Researchers at mobile security firm Lookout have discovered iOS versions of a spyware tool that an Italian video surveillance company appears to have designed for so-called lawful intercept purposes by governments.
Non-profit white hat hacker collective Security Without Borders last month had reported discovering several Android versions of the same malware uploaded to Play Store, Google's official mobile app store.
Google removed those apps—which were disguised as service apps from Italian mobile operators—after the company was notified of the problem. Security Without Borders has estimated the total number of infections to be in the high hundreds to potentially one thousand or more.
The iOS version of Exodus, as the malware is called, can steal a range of data from infected systems. Examples include contact information, audio recordings, photos, videos, GPS location information and any other data that can be accessed via an infected device's iOS APIs, says Christoph Hebeisen, senior manager of security intelligence at Lookout. The malware is also capable of doing remote audio recording.
Even so, the iOS versions are not as sophisticated as the Android malware he says. "The iOS version can only exfiltrate a limited set of data as it is limited to data it can access via iOS APIs," Hebeisen says. "In contrast, the Android version has full root access to the device." So it is capable of accessing and exfiltrating screen shots, text messages, browser histories, call logs, data from third-party messaging apps such as WhatsApp and Telegram and other data as well. Exodus for Android is also designed to keep running even when the screen is switched off.
Both Security Without Borders and Lookout believe the software is the work of eSurv, an Italian firm ostensibly focused on video surveillance software and image recognition systems. According to Security Without Borders, eSurv has been developing the spyware since at least 2016.
Several aspects of eSurv's operations suggest the company is well funded and has designed the software for use by law enforcement and other entities to conduct offensive surveillance on people, according to Lookout. Tell-tale signs include the use of certificate pinning and public key encryption for command-and-control purposes and the use of geo-restrictions to ensure the malware is used only in specific geographies.
This is the second instance in the past 18 months where an Italian software firm has been caught quietly distributing surveillance software.
In January 2018, security vendor Kaspersky Lab reported on another Italian firm using spoofed web pages to distribute "Skygofree," an extremely sophisticated Android spying tool. Kasperksy Lab described the malware as a data-stealer capable of supporting up to 48 different remote commands and controllable via SMS messages, HTTP, and FireBaseCloudMessaging Services. Like Exodus, Skygofree too had a feature that allowed the app to keep running even when other apps are suspended—or put into battery-saving mode.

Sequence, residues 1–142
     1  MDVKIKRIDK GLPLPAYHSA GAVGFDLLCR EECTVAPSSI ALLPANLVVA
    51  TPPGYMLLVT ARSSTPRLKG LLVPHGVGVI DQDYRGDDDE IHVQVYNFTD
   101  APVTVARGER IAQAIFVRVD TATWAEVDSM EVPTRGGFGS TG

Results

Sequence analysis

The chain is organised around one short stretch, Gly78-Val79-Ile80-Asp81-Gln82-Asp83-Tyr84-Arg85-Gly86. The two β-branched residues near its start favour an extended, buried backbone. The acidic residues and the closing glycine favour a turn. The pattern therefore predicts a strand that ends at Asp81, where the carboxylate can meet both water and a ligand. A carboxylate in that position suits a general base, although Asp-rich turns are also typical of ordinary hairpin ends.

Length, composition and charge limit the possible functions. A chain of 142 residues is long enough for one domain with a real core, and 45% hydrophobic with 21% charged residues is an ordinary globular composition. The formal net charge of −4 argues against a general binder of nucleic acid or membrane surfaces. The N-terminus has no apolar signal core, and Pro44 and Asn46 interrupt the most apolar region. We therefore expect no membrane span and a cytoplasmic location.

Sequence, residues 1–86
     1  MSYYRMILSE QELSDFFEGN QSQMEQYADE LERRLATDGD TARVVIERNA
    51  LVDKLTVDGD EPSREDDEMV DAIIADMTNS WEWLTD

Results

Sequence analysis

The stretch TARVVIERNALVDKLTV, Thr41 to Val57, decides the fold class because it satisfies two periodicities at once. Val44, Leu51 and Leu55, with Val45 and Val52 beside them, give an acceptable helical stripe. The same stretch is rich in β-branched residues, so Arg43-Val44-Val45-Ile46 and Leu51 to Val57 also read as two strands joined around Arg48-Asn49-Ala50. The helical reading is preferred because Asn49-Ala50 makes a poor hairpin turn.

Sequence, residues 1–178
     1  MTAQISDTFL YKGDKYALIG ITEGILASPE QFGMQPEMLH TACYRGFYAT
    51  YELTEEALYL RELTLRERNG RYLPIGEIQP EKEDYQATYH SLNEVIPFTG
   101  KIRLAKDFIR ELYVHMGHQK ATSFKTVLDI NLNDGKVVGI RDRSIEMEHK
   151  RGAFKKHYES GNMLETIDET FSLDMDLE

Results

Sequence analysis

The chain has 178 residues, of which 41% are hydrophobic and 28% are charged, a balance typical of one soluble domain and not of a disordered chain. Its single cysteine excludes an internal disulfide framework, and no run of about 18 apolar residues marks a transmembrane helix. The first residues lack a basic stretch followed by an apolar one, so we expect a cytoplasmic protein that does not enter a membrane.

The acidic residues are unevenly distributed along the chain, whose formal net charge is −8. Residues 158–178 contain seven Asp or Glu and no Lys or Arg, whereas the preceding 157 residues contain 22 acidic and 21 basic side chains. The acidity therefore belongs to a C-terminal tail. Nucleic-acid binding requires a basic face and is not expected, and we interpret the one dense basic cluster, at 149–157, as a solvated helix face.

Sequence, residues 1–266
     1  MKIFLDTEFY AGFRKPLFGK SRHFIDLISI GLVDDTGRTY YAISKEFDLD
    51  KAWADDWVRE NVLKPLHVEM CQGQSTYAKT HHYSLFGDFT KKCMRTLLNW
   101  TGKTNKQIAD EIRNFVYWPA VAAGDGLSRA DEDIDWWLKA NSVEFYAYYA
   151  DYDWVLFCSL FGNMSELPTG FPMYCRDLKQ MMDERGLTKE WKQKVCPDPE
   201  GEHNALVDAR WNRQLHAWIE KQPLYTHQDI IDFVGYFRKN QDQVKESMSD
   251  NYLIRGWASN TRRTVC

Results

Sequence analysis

The iOS version of Exodus is being distributed via phishing sites. To make that possible, the operators of the spyware appear to have abused Apple's Developer Enterprise Program, a provisioning mechanism that allows enterprises to distribute proprietary in-house iOS apps to employees without having to use Apple's mobile app store.
"Apple’s Enterprise Developer program is not involved in the download," Hebeisen notes. "eSurv was approved for the Apple Developer Enterprise program, which allowed them to sign the apps with a legitimate-looking enterprise certificate," he notes. Apple has since revoked the certificates that eSurv was using to digitally sign its software.
There is no indication that eSurv ever attempted to upload the signed iOS malware to Apple's app store. Instead they hosted the spyware on phishing sites that were designed to appear as mobile carrier sites. Hebeisen says Lookout is presently unsure what lures eSurv is using to direct victims to the phishing websites.
Exodus for iOS executes when a user downloads and launches the app. The malware sets up multiple timers for gathering and uploading specific data on a periodic basis. The data is then queued and transferred to the command-and-control server. The C2 infrastructure that eSurv is using for the iOS version of Exodus is the same as the one being used for the Android version.
Lookout says it does not know potentially how many iOS users might have downloaded Exodus on their systems. All of the telemetry that Lookout has gathered shows the attacks are focused purely on Italian IP addresses. So, the risk to US users is negligible, Hebeisen says.
It's unclear whether eSurv was collecting, or planning to collect mobile data, on any entity's behalf. But there are several companies vying for market share in what some say is a growing market for lawful intercept tools. A recent report from Allied Market Research estimated demand for such tools from governments and law enforcement agencies to top $3.3 billion by 2022. New rules and standards by governments seeking to fight technology-enabled crime are driving a lot of the demand, Allied Market Research said.
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